Jarai is a member of the Chamic branch of Malayo-Polynesian languages spoken in parts of Vietnam and Cambodia by about 332,557 people. It is spoken in the Central Highlands of Vietnam, particularly in Gia Lai and Kon Tum provinces, and also in Đắk Lắk province, and in Ratanakiri province in Cambodia. There are also Jarai speakers in the USA.
Jarai is related to the Cham language of central Vietnam, and has also been influenced by nearby Mon-Khmer languages.
The current Jarai alphabet was introduced by the French in the 1920s. Before then the language was not written. A Jarai dictionary was published in 1940, and other materials have been produced since then.
Ê̆ is also written Ē; Ô̆ is also written Ō; Ơ̆ is also written Ờ, Ư̆ is also written Ử.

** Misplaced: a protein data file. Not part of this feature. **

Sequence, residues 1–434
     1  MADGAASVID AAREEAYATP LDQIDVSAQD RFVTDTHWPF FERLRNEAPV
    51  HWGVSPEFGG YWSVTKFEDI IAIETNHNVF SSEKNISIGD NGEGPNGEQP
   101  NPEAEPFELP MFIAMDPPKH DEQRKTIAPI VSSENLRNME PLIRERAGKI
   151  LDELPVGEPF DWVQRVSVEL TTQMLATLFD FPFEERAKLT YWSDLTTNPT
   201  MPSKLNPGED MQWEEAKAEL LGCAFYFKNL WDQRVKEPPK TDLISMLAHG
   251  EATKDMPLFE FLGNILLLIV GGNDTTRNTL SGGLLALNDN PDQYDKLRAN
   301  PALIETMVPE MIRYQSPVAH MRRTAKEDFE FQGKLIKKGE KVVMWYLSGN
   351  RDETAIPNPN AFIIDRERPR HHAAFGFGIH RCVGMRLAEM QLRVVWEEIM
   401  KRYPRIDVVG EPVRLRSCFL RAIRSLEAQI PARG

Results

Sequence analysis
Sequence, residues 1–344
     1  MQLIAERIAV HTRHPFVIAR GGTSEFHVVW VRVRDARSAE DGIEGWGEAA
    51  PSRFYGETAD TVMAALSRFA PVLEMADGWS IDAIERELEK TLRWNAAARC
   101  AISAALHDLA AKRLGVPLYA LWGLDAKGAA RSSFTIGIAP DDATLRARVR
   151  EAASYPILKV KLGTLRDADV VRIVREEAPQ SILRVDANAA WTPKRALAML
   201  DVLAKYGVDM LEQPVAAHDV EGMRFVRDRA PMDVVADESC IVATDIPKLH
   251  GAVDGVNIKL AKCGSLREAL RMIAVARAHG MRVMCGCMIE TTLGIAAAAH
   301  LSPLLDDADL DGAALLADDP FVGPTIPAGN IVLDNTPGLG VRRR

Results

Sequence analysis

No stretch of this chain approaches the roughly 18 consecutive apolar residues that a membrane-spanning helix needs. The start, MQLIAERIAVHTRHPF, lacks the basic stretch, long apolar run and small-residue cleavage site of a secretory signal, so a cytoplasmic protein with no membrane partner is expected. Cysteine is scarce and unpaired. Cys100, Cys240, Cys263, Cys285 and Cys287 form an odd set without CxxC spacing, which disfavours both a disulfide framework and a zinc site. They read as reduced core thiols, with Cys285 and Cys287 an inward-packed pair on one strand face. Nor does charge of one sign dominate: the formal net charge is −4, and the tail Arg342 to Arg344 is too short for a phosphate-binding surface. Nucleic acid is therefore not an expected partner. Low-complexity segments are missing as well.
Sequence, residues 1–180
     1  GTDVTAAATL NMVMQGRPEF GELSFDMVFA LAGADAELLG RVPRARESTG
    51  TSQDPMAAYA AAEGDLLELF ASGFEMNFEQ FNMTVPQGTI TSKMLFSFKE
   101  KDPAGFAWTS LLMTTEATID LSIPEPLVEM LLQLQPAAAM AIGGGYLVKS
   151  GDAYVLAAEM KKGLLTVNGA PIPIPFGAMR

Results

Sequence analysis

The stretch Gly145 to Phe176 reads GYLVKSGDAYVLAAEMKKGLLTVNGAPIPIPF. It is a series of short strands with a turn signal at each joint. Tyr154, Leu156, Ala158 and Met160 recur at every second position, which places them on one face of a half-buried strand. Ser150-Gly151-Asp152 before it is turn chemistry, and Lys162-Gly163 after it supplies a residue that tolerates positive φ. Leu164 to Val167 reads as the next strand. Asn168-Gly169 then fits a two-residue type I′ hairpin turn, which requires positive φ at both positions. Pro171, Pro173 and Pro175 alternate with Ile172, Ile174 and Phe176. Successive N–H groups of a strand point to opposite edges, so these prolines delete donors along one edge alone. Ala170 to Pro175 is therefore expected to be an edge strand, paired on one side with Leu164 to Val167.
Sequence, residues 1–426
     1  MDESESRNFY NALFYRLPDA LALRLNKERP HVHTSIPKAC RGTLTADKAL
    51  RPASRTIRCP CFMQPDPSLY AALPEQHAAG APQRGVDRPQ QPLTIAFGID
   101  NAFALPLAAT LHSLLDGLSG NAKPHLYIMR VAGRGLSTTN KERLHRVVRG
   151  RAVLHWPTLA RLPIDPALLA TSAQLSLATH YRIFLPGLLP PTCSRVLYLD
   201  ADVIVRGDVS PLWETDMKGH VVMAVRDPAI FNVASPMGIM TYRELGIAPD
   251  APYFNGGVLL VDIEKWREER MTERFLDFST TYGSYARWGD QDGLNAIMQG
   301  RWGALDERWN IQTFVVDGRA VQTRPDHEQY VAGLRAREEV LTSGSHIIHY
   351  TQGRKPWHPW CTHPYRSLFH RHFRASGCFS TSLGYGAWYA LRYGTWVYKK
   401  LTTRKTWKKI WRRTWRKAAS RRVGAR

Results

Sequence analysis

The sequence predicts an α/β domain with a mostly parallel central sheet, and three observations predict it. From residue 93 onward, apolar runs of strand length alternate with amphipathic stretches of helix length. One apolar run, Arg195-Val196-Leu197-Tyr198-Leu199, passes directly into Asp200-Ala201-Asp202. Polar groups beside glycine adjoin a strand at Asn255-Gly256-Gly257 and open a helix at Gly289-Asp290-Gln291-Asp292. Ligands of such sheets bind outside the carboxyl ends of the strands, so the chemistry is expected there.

Hear the letters of Jarai:
Abih bang mơnuih-mơnam tơkeng rai rơngai laih anŭn mơdơ̆-mơđơr amăng tơlơi pơpŭ-pơyôm hăng tơlơi dưi. Ƀing gơñu tŭ hơmâo tơlơi pơmĭn hăng tơlơi thâo djơ̆-glaĭ laih anŭn brơi ngă kơ tơdruă amăng tơlơi khăp ayŏng adơi.
All human beings are born free and equal in dignity and rights. They
are endowed with reason and conscience and should act towards one another
in a spirit of brotherhood.
(Article 1 of the Universal Declaration of Human Rights)
Page last modified: 23.04.21
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